The Dissolution of Company G

Men of Company G

Last week we brought you the story of Company G of the 2nd Missouri Volunteer Infantry, the Joplin men who went off to fight in the Spanish-American War. Unfortunately for Company G, the end came for the unit in November, 1902. Colonel Henry Mitchell of the National Guard of Missouri came to Joplin specially to see it formally mustered out. The colonel offered the reasons for the end of the 20 year old unit, “Lack of interest seems to be among the main causes which has contributed to the final ending of the organization. The company has no funds and no armory and these things in connection with other factors has at last made it necessary to take the final step.” The end came despite what the Joplin Daily News Herald claimed, “Many of Joplin’s finest and bravest boys strove hard to keep life in the organization but it seemed that the fates decreed it otherwise.”

Source: Joplin Daily News Herald

Joplin Off to War: 1898

In 1898, the U.S. engaged in what U.S. Secretary of State John Hay described as a, “splendid little war.” Thousands of men from across the country volunteered for military service. Only a few actually engaged in combat in Cuba, the rest were stuck state-side in camps across the South.

The Second Regiment of Misssouri Infantry was comprised of companies from Pierce City, Lamar, Nevada, Clinton, Carthage, Joplin, Butler, Sedalia, Springfield, and Jefferson City, Missouri. The regimental headquarters were located in Carthage where it was designated, “Second Regiment of the Missouri National Guard.” The regiment then mobilized at Jefferson Barracks in St. Louis on May 6, 1898, and were mustered into service a few days later. The total strength of the regiment when mobilized was 1,031 officers and men.

Shortly thereafter, the regiment was sent to Chickamuaga, Georgia, and was brigaded with the Ninth Pennsylvania and the First New Hampshire in the Third Brigade, Third Division, First Army Corps. At this time the regiment’s strength increased to 1, 337 officers and men.

Lytle Depot near Chickamauga, Georgia, where Company G was located.

Company G was from Joplin and was made up of the following officers and men:

Captain — Robert A. Spears.

First Lt. — E.L. “Lee” Shepherd

Second Lt. — E.E. Duckett

Captain Spears, Leiutenant Shepherd, and Lieutenant Ducket.

First Sgt. — A.S. Tschappler

Sgts. — C.W. Calvin., A.M. Kidd, F.W. Sansom, D.D. Watson, H.D. Mears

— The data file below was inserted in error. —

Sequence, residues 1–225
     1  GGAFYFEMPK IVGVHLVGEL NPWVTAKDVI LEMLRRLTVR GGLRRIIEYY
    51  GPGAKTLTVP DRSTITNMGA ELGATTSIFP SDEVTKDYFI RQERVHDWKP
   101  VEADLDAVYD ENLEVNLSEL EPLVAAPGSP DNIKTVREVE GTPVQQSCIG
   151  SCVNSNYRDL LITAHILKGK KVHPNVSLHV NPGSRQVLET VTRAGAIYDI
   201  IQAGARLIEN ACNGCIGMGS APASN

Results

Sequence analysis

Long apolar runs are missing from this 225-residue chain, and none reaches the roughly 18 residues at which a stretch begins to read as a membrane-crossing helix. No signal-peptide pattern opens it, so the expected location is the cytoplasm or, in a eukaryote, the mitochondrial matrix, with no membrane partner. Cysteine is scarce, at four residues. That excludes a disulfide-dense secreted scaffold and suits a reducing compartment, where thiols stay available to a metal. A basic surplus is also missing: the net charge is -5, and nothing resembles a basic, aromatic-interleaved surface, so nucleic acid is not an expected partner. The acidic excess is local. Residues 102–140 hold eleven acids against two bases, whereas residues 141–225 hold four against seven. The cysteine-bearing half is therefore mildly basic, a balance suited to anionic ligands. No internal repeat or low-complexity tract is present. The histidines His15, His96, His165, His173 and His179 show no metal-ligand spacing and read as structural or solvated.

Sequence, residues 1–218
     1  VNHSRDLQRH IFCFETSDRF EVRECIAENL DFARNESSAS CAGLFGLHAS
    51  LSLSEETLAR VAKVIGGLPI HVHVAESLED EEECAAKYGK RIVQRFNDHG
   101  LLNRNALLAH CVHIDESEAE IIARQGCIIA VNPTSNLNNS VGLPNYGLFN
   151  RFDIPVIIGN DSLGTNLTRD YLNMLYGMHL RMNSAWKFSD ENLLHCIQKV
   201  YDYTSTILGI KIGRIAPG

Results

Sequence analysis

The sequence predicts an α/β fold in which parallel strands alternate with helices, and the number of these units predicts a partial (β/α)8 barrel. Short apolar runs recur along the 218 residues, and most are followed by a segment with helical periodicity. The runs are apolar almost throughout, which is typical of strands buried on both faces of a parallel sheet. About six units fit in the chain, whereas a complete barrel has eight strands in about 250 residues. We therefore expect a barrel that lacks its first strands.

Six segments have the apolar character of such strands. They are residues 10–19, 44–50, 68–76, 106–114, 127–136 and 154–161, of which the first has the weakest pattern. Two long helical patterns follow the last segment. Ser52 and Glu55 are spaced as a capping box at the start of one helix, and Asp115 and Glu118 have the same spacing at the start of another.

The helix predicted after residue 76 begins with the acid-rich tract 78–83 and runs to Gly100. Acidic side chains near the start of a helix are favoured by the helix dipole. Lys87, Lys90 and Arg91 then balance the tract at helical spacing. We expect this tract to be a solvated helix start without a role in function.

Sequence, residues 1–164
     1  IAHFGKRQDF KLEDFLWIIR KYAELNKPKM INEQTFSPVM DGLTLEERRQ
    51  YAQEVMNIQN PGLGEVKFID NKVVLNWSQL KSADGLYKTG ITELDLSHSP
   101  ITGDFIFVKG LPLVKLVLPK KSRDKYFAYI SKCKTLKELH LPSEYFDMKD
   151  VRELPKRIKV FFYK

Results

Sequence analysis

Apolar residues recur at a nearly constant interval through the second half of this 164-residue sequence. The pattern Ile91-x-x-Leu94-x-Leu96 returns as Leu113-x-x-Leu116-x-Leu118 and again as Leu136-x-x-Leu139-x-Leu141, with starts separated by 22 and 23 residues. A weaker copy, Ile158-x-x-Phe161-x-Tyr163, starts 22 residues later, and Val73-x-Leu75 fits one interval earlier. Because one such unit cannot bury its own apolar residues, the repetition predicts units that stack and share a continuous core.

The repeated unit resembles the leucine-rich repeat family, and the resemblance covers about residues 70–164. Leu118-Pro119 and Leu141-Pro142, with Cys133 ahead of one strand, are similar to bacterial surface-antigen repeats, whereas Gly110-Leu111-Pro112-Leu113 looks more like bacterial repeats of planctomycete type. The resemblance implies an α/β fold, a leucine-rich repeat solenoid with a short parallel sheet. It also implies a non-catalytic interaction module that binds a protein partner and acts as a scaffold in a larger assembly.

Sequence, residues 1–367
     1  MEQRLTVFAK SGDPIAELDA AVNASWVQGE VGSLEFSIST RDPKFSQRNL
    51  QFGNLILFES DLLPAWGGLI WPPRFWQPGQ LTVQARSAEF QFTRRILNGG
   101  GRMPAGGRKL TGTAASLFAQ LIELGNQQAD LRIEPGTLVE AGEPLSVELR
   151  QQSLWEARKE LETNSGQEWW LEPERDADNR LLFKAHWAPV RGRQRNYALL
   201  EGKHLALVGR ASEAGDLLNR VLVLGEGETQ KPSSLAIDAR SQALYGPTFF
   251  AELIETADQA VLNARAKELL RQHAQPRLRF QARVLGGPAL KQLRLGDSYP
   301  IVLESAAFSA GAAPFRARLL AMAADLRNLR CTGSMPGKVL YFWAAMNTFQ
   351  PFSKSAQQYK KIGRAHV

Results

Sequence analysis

Cpls. — E.J. Boggs, Wm. Jones, Jas. Kelly, A.S. Owen, C.A. Warren, L.M. Ingraham, R.G. Boreing, David  Garrison, Frank Smith, F.T. Hinckley, T.F. Clary, Wm. St. Clair

Musicians — W. Axton, Ben Ebling

Wagoner — Charles Monson

Artificer — C.W. Sloan

Privates: Jesse Axton, J.N. Baily, J.T. Bean, Chas. Bierman, Wm. Botkin, R.E. Barnett, E.E. Brubaker, Jerry Butts, Jas. Clary, Will Clary, C.M. Chenoworth, E.E. Colier, Ben Cory, E.J. Crampton, Jay Dunwoody, Chas. E. Dewitt, Claude Flemming, Jason Fellows, M.P. Fox, G.K. Freeman, Roy Greer, Chas. Gould, Jas. Gilmore, Y.A. Hays, Wyle Hodshier, H.H. Hoback, Clyde Hites,  Logan Horner, J.T. Howard, Henry Helm, A.J. Halterman, Wm. Johnson, R.E. Jones, C.D. Johnson, Jos. Jirauch, S.H. Jones, Fred Kinner, Fred Kerr, Lester Loy, Walter Laud, A.O. Lanyan, H.H. Lewis, Jeff D. Long, Dennis Landon, Harley McCullough, Percy Mylius, L.R. Nugent, J.E. Nischwitz, H.W. Neff, Otto Nickoleson, Norton Oliver, Harry Plimmer, J.D. Penrose, Frank Reha, C.J. Rhoads, Wm. F. Rice, Chas. E. Rice, Thomas Rogers, E.S. Riseling, H.W. Ryan, J.E. Smith, Chas. Shafer, Henry Saulesbury, C.V. Spyres, H.S. Shyrock, C.H. Smith, Nick Spore, Patrick Spore, Newel Short, Frank Treganza, G.A. Thompson, Thos. Thomason, A. Woodward, Melvin Walls, Walter Wilkes, Louie Watzdorf, and Geo. Zietler.

Company G - click to access larger version.

The regiment suffered one fatality: Private E.E. Brubeker died September 20, 1898 of typhoid fever.

C.W. Hudson and George M. Eckhart were transferred to the Hospital Corps and Walter Ladd was discharged for disability.

Below are more photographs of life in the camp where Company G was located:

The Mule Corral

The American Tobacco Company arrived in camp to offer "the boys" some "Battle Ax" and "Dukes Mixture" tobacco.

Sunday Morning Inspection

The Guard House with the men entrusted with guarding the encampment.

Some prisoners at the Guardhouse, hopefully none from Company G.

Source: History of the Second Regiment